Curcumin, a compound from the turmeric root, remains one of the most highly researched plant medicines regarding anti-inflammatory effects. Curcumin supplementation may be viable in decreasing the risks associated with endometriosis when chronic inflammation is an assessed factor. Curcumin has also been shown to have benefits in supporting liver function.

Milk Thistle

This liver-supporting herb is one of the most highly researched plants in treating liver disease. Milk thistle supplementation should be a consideration in managing the risks of endometriosis in men when liver issues may be a causative factor.

Indole 3 Carbinol (I3C) and DIM

These two supplements are widely used by functional medicine practitioners to improve estrogen metabolism. They both help the liver to metabolize estrogen properly. When prolonged excess estrogen exposure is the prevailing causative factor of endometriosis in men, supplements that support estrogen metabolism should be highly considered.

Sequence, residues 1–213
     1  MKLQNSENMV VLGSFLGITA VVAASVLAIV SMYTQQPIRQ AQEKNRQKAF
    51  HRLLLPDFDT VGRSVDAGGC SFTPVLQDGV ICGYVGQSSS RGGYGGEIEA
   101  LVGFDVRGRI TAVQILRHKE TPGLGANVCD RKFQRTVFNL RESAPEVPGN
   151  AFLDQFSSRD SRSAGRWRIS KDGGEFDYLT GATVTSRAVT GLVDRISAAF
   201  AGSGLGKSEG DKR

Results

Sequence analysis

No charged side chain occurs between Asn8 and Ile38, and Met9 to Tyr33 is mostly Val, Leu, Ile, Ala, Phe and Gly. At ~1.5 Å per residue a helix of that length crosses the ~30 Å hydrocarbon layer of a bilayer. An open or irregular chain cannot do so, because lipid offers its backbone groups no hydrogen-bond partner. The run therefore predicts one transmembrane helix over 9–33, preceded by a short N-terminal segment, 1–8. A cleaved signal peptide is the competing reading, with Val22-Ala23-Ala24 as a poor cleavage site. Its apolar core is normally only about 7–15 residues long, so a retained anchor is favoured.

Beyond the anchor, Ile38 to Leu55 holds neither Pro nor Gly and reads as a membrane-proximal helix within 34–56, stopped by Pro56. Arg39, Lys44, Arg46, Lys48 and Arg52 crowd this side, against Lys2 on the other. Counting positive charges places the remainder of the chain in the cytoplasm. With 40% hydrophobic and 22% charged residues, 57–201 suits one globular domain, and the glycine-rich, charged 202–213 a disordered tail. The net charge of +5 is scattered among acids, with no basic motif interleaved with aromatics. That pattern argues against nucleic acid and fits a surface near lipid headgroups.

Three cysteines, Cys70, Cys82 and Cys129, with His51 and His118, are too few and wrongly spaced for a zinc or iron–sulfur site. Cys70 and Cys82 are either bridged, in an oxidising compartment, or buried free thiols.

This major antioxidant is known for neutralizing cancer-causing quinones formed during liver metabolism and estrogen detoxification. Supplementation of glutathione should also be a consideration in decreasing the risk associated with endometriosis caused by prolonged estrogen exposure.


Lycopene is an antioxidant found in tomatoes, grapefruit, watermelon, guava, and papaya. It has been thought to lower the risk of prostate cancer. This supplement should be considered to reduce the risks associated with prostate cancer, which is also a risk factor for endometriosis in men.

Complementary and Integrative Medicine for Endometriosis Symptom Management in Men